What are negative emotions and are they really as harmful as we initially think? There is a whole myriad of psychological papers written about what how depression and anxiety is caused at a deep level and how Jung and Freud would analyse it. However, there are positives related to negative emotions. Before going into the positives let’s look at the lengths people go to in order to prevent negative emotions in life.
Positive and negative in emotions
From current studies there is a correlation between negative emotions and mental health. According to Mental Health First Aiders England figures (20/05/2020) 792 Million people are affected by mental health worldwide. The World Health Organisation state that, more than 264 Million people of all ages specifically suffer with depression and more women than men are affected. In the Royal Society for Public Health 2019 publication they state that In England, the annual cost of mental disorder in England was estimated as £105billion. Approximately £30billion of this is due to absenteeism at work. Unfortunately to date this is a saddening rising metric.
Coping with negatives emotions
Typical ways people cope with the impact of negative emotions are; time off work (absenteeism), counselling and medication. As can be seen the figures of absenteeism due to mental illness are eye opening. One of the common default methods of supporting people through negative emotions like anxiety and depression is by medication using anti-depressants such as Selective Serotonin Reuptake Inhibitors (SSRI’s), with trade names such as Prozac and Sertraline. Although these can be seen as a supportive intervention method they are essentially a sticking plaster to the point whereby one can medicate into numbness. In some cases, it is difficult to feel human in relation to negative and positive emotions.
Iliard 2009, states that continually being stuck on negative emotions can increase our bodies’ production of our stress hormone, cortisol. This then restricts and depletes our cognitive ability to be able to proactively solve problems and can also damage our immune defences, making us more susceptible to other illness. Research by Epel et al, 2004 has shown that chronic stress has also been linked to a shorter lifespan.
Studies have shown to link that the negative emotion of anger has a correlation with various health concerns including digestive disorders, high blood pressure and cardiovascular disease (Hendricks et al, 2013). When poorly managed anger is the negative emotion that has been shown to have the highest impact on our health and well-being.
Boerma (2007) showed that unhealthy amounts of anger were linked to increased levels of cortisol, resulting in a decreased efficiency of immune system. From Boerma’s research he found that people who were chronically angry were more likely to feel run down, develop the flu, colds, have asthmatic symptoms and skin diseases such as rashes in comparison to non-chronically angry people.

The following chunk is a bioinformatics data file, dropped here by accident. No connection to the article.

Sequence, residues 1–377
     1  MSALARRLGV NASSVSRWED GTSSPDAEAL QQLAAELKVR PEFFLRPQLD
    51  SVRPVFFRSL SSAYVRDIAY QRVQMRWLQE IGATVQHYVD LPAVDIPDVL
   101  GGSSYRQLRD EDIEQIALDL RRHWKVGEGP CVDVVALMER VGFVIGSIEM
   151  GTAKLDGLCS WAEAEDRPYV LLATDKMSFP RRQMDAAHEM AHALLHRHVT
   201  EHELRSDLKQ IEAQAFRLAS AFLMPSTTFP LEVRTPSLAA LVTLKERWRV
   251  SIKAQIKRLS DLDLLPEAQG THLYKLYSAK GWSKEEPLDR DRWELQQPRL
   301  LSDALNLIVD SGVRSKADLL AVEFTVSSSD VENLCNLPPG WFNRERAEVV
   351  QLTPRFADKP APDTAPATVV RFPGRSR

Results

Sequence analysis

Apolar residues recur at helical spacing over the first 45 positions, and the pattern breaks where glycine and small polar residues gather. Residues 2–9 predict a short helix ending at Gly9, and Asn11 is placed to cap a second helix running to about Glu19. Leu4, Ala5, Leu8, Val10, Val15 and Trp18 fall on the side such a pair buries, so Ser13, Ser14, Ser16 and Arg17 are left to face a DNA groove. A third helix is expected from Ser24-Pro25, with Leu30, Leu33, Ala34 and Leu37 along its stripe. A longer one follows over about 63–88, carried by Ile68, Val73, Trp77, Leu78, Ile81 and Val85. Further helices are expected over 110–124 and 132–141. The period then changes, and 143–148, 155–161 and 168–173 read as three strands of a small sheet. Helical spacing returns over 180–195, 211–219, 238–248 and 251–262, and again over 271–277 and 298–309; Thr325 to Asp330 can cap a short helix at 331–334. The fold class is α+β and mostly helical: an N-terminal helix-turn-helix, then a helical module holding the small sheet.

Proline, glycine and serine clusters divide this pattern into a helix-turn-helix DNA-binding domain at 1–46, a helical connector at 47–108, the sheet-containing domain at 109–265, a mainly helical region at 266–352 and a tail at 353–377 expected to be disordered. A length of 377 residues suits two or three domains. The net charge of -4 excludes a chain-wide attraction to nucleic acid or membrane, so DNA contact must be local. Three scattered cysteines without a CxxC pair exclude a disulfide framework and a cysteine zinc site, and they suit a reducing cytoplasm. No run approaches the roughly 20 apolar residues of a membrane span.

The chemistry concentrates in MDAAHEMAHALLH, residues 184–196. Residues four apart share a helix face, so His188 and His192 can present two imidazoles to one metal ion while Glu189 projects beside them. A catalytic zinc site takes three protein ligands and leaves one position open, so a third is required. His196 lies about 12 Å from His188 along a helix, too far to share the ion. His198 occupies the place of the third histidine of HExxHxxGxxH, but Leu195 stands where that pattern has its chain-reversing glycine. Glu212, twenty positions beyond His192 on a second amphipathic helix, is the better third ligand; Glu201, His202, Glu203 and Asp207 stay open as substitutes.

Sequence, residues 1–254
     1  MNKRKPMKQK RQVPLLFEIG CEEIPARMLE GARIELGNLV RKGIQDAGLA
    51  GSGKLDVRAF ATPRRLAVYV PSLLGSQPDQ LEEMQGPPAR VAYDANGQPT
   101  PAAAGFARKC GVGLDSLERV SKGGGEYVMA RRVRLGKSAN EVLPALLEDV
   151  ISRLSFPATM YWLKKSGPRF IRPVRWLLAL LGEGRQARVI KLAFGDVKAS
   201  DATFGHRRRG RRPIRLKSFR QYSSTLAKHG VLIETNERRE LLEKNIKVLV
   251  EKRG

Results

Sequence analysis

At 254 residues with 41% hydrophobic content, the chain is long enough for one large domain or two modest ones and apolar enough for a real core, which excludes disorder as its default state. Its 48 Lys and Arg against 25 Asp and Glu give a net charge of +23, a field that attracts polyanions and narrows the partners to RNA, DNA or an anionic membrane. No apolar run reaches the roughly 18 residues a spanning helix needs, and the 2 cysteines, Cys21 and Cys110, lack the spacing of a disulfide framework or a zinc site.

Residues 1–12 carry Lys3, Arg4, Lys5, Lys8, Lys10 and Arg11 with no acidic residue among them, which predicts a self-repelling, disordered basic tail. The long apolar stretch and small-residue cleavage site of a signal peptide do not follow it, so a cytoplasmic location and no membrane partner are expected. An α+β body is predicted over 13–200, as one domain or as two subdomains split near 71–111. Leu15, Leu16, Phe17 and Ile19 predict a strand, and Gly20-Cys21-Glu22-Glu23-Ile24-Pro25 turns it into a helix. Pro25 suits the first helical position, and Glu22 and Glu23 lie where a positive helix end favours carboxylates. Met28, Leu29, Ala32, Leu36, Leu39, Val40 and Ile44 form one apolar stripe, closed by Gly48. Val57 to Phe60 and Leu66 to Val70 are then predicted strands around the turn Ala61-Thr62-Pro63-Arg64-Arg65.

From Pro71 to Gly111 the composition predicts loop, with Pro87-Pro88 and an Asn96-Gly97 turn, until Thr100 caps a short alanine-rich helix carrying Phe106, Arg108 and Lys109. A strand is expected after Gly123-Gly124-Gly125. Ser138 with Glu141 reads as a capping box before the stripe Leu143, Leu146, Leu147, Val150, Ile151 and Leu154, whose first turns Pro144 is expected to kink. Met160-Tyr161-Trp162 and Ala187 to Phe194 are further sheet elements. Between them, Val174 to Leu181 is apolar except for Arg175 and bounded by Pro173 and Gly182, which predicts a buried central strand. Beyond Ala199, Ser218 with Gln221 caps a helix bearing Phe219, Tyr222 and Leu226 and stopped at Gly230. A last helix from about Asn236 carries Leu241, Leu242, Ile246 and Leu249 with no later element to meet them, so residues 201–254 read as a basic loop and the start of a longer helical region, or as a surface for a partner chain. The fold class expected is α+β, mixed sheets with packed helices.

As stress increases within a person the hormone Cortisol can be activated by negative emotional triggers. When this hormone is suppressed a person’s level of immune response can also decrease.
Could negative emotions cause cancer?
Research exists that looks at the correlation between negative emotions and cancer. More specifically, into how anger can possibly lead to cancer. Although anger can be perfectly normal to feel however, it is when it is continually bottled-up that it can lead to problems and transfer to what researchers refer to as unhealthy anger (Enright & Fitzgibbons, 2015).
It would now be worth returning to the potential benefits of negative emotions. Within the driving factors that motivate humans there are towards and away from strategies. A towards strategy is a very powerful driving force and when one truly focusses on what they want it becomes a force of nature. However, it is ruminating about the negative emotions that makes a person focus on what they don’t want (a substantial energy vacuum)! Initially this can have its uses, such as giving you the kick up the backside to start you off on your goal. A short, sharp time frame is key for this to be effective. Although, if this does turn into a longer term thought pattern, this can turn into an away from strategy and ultimately end up utilising copious amounts of energy that can be used more effectively elsewhere. Therefore, having a towards strategy and always focussing on what one wants plays a key role in removing negative emotions.
How can you manage your negative emotions?
Here at Mind Evolution Company, we use a number of strategies and techniques to help people manage negative emotions, such as 1-2-1 coaching packages, Neuro Linguistic Programming (NLP), Timeline Therapy® and Hypnotherapy. Get in touch at email@example.com to find out how we could help you.